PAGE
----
I am, however, optimistic about our future. I believe the American people are realizing that the welfare state has failed. Now, our challenge is to replace it with a government that is rooted in the principles that founded this great nation. By recognizing the facts that a government closest to the people governs best and that the nucleus of our economy and our society is the individual \endash not the government \endash we will be able to renew America.


Specifically, I believe we must pursue three very important principles. The first is Freedom.. I believe we must restore the concept of freedom by re-limiting the federal government and focusing on its core functions. I want the federal government to do less with less, and I want to see our families do more with more. We must take power and money from Washington and return it back to the states, local governments, and above all the people. Wisconsin is living proof of this idea. Our state welfare reforms are the most successful in the nation.


The second is Growth.. I believe we must pursue a bold agenda of growth by casting aside the shackles of class envy and promoting economic growth and opportunity through lower taxes and by ultimately replacing the tax code. Globally, we must stay ahead of the competition--and that means an end to punishing risk takers and entrepreneurs. Morally, we must help our families get the financial freedom to work more for themselves and less for their government.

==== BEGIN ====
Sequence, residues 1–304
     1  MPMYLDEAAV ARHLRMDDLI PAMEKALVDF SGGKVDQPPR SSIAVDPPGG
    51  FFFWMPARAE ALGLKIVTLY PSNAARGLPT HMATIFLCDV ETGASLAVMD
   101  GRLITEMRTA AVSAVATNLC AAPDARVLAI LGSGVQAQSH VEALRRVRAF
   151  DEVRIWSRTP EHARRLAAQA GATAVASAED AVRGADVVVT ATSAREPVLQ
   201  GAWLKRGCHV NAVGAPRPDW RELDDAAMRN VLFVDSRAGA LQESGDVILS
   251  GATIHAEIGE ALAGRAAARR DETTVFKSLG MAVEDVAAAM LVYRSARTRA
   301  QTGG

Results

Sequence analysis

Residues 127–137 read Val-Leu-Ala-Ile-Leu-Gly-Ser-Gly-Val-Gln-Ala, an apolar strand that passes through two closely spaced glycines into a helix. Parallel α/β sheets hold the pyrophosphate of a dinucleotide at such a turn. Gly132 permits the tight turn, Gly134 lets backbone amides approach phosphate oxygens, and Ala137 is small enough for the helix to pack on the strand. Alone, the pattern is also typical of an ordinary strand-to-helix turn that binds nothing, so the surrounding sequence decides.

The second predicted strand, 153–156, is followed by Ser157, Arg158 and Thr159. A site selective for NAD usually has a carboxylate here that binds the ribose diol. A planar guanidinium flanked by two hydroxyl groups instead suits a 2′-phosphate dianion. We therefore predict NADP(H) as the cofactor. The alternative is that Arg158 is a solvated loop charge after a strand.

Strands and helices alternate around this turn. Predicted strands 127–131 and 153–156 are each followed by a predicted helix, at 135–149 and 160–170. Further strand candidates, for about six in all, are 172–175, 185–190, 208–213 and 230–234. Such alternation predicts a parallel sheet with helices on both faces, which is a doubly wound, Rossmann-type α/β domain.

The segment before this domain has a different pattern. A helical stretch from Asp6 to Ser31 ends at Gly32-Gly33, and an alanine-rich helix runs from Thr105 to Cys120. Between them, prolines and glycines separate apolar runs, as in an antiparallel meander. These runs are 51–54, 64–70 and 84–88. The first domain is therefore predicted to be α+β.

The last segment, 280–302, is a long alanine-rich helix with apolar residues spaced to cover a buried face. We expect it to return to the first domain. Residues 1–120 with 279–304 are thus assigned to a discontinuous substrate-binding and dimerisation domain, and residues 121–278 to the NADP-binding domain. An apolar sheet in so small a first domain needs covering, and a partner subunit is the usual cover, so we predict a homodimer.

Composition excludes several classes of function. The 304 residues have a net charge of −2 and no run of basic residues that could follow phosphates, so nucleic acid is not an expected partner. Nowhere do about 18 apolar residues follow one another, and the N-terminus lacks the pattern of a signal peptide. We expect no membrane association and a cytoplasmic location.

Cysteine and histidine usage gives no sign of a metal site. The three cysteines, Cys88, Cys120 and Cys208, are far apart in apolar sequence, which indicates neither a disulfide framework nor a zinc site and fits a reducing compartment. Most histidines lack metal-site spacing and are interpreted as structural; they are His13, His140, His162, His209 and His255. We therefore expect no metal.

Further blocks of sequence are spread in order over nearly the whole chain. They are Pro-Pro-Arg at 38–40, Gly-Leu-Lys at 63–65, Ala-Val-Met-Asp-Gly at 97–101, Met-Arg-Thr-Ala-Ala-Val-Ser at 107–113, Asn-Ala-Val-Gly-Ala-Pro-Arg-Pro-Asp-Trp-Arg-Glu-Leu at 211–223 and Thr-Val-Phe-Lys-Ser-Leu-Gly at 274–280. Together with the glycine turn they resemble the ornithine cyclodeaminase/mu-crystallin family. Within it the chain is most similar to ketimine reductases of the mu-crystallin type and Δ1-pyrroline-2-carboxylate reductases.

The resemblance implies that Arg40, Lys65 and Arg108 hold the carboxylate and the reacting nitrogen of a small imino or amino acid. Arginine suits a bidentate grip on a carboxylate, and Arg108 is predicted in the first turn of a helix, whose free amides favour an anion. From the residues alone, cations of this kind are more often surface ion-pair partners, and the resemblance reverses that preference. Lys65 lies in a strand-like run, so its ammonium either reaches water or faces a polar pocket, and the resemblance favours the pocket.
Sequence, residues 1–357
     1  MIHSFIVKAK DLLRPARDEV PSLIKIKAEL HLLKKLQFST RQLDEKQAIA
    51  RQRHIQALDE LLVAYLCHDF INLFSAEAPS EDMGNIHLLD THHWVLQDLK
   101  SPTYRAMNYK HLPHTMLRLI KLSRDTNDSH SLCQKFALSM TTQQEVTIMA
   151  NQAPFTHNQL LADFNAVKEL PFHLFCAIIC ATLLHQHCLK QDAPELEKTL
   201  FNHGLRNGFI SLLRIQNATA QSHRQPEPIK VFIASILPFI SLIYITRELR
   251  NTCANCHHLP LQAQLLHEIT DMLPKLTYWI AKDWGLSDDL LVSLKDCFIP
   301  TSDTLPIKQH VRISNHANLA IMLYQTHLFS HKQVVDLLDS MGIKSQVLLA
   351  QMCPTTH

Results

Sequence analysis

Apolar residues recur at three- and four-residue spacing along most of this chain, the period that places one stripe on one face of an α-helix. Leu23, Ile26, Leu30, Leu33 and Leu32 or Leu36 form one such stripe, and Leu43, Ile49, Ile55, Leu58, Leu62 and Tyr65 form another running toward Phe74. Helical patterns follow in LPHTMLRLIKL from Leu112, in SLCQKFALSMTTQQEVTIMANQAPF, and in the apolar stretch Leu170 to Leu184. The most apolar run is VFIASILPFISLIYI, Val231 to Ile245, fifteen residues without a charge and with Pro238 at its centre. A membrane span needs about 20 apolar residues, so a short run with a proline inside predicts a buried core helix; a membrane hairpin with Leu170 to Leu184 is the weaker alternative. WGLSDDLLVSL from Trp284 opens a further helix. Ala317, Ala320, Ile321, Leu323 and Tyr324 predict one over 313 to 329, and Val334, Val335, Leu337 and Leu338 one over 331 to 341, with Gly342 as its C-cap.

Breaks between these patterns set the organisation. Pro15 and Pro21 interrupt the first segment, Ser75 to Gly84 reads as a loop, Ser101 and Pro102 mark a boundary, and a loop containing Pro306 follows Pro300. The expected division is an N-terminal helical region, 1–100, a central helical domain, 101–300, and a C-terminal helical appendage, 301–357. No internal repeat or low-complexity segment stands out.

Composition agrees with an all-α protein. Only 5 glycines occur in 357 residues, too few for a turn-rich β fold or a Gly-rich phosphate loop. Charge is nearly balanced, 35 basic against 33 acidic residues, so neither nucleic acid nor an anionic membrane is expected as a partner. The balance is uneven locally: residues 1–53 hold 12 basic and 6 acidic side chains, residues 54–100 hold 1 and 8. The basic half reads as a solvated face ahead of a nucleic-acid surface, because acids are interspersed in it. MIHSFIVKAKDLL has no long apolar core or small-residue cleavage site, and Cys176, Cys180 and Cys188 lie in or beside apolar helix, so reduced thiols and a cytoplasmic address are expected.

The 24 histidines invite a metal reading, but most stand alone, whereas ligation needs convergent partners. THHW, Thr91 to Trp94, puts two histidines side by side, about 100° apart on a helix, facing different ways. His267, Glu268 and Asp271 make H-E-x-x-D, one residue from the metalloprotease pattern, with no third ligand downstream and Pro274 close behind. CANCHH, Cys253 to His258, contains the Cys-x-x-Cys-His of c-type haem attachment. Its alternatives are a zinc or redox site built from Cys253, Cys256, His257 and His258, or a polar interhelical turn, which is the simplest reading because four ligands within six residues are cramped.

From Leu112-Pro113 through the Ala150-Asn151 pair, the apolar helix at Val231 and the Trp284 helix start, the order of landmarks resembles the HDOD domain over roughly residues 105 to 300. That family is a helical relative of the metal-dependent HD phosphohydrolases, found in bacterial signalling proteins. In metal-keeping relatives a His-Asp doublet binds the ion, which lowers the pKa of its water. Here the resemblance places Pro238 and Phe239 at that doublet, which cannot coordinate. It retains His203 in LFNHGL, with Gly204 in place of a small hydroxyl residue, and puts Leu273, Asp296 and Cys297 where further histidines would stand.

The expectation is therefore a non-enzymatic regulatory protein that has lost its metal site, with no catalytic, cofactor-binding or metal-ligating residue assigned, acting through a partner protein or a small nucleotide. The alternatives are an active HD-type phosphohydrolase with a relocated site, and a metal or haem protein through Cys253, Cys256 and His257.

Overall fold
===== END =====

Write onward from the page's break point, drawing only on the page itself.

The third principle is Renewal. Many believe our culture is in great decline. Parents feel like they are fighting the culture while raising their young. In many ways, morals have become relative and ethics have become mere technicalities. But, just as modern liberalism has failed at social engineering, so to will modern conservatism if attempted. I believe we need to replace moral relativism with the values that built this country like faith, truth, hard work, and recognition of a higher moral authority. I believe the best way the federal government can improve upon our culture is by taking the " Hippocratic Oath" to do no harm to our values. We can start by cutting the tax burden on our families and businesses and by reducing costly regulations on our charities. We can help restore good citizenship be freeing up individuals to become good citizens.

I believe these broad principles are three absolutes of American society that go hand in hand. Indeed, they are the very principles that founded our country. Guided by these principles, we can unite around a common cause to replace the welfare state with an opportunity society that transforms our safety net from a hammock into a trampoline.

The question that is posed before us as we enter the next millennium is simple: Do we want to continue sending more of our hard earned money to Washington to take care of more of our needs, or do we want to take power and money from Washington and return it to states, localities and most importantly to our families so we have the means to take care of ourselves?